7. 7. 7 5. Money Involvement: Building a collection, takes a lot of efforts backed with money as well (not applicable to all though), but the people driven by passion towards a good or a commodity do not delay their or cancel their purchases due to price. In fact 72% of our respondents do not mind if they end up spending more than what they thought. Results Collecting has meanings in relation to the self Collecting has meanings in relation to other people Collecting as preservation, restoration, history and a sense of continuity Collecting as financial investment Collecting as addiction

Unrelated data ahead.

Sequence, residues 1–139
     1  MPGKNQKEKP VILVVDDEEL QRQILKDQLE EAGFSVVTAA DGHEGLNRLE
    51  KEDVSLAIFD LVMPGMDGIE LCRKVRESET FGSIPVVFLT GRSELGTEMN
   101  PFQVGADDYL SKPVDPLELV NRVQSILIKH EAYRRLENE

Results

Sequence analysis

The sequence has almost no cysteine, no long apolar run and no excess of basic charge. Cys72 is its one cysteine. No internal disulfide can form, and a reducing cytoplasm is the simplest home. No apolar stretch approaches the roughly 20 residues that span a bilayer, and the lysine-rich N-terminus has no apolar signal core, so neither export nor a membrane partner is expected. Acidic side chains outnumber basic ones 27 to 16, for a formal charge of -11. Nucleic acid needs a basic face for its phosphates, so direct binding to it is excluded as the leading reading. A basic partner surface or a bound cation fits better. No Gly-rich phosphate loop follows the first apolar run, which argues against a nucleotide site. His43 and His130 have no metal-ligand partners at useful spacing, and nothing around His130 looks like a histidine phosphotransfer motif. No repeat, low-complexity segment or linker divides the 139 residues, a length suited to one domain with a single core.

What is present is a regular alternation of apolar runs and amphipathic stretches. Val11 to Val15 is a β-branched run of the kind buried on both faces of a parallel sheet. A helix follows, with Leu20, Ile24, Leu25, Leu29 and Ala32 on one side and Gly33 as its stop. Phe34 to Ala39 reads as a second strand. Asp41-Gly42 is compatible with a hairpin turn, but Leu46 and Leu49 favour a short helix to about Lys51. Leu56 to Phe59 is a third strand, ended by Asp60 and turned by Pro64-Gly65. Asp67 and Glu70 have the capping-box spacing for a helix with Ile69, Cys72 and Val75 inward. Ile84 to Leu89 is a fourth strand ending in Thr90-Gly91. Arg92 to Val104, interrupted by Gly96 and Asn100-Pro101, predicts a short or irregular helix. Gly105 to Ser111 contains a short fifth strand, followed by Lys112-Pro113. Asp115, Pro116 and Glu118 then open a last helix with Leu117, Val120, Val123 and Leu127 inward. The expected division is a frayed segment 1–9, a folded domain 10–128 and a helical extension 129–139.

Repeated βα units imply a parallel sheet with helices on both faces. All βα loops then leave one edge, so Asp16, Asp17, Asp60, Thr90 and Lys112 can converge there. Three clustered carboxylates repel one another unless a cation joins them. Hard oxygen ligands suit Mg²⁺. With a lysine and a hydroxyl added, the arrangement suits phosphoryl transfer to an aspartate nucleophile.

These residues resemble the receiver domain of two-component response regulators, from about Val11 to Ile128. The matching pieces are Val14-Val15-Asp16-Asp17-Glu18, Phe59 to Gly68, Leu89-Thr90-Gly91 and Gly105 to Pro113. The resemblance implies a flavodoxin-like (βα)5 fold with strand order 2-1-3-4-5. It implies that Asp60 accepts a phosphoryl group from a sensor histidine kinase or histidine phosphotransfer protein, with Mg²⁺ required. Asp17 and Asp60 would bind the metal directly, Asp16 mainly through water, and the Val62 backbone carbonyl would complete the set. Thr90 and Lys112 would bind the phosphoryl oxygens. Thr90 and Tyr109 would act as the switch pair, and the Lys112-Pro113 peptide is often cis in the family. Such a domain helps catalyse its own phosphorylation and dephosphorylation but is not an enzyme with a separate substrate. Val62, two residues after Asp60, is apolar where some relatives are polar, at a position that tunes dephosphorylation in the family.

8. 8. 8 Secondary Data The study of personality has been approached in many different ways. Heredity, early childhood experiences, and other social influences have a strong effect on who you become. The definition given here is on inner characteristics which distinguish one individual from others. The web link on this page brings you to one of the thousands of personality tests you can find online. There are some interesting findings regarding the nature of personality. First of all, personality reflects individual differences. Because no two people are exactly the same, marketers can look for certain similar personality traits in different consumers. These consumers can then be grouped together based on this identified personality train. Personality is consistent and enduring. This helps marketers predict consumer behavior over time in terms of personality. Finally, personality can change due to major life events, such as marriage. You may notice personally that your personality has changed somewhat as you have grown – certainly your personality now is somewhat different then from when you were 7 years old. Personality is defined as those inner psychological characteristics that both determine and reflect how a person responds to his or her environment. The emphasis in this definition is on inner characteristics—those specific qualities, attributes, traits, factors, and mannerisms that distinguish one individual from other individuals. The identification of specific personality characteristics associated with consumer behavior has proven to be highly useful in the development of a firm’s market segmentation strategies. These are the three major theories of personalities. There are many more but these three have been chosen because they are important to the relationship between personality and consumer behavior. • Freudian theory – Unconscious needs or drives are at the heart of human motivation • Neo-Freudian personality theory